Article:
[...] Its origins are hard to discover: for a pamphlet on its history, written as early as 1874, provoked four rejoinders and unsuccessful appeal to the Council of the Society for a decision on the question of origins. It is clear that the ideas behind it had long been in the air, and trace back at least to the founding of the Society for the Relief of Distress in 1860. An early member of this society, G.M.Hicks, read a paper to it in February 1861 in which he adovocated the establishment of district offices staffed by almoners who would investigate applications for help and would co-operate with the Poor Law authorites. Nothing came of this except a sub-committee's endorsement, but Hicks returned to the subject in March 1868 in a letter to the Pall Mall Gazette outlining a plan for a central board of charities to make an annual report on all charities and to audit their accounts. An article by J.R.Green on poverty in the East End, in the Saturday Review for December 28, 1867, had emphasised the chaos of numerous competing charities whose unco-ordinated efforts often served to increase mendicacy and pauperism.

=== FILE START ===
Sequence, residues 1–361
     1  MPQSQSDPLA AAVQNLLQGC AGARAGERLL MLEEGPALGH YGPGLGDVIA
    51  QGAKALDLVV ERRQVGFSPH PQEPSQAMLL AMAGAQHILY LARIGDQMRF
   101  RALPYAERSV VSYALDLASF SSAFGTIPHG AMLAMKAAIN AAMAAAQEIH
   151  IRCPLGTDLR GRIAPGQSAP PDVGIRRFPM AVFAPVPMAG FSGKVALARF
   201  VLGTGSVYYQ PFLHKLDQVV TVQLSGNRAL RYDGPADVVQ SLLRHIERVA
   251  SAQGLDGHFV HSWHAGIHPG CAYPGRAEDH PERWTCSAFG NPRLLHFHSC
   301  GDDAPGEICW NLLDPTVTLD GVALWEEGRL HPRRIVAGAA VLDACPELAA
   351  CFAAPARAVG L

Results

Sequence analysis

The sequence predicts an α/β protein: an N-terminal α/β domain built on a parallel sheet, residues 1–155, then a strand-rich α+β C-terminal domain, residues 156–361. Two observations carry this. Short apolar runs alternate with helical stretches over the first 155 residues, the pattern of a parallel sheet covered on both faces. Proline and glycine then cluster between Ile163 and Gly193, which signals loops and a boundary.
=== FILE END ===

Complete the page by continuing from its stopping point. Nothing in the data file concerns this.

Matters moved forward in June 1868, when a paper was read at a meeting of the Society of Arts, under the chairmanship of A.C.Tait, the Bishop of London, with the title 'How to deal with the Unemployed Poor of London and with its "Rough" ad Criminal Class'. Its aouthor was Henry Solley(1813-1903), son of a Baltic timber merchant of London, a Congregational minister who was for a few years the secretary of the Working Men's Club and Institute Union after its founding in 1862, and was later interested in the subject of industrial villages. The paper contained little or nothing about charity organisation, and would be of no importance to us except that it led to plans for starting a society.M 14-15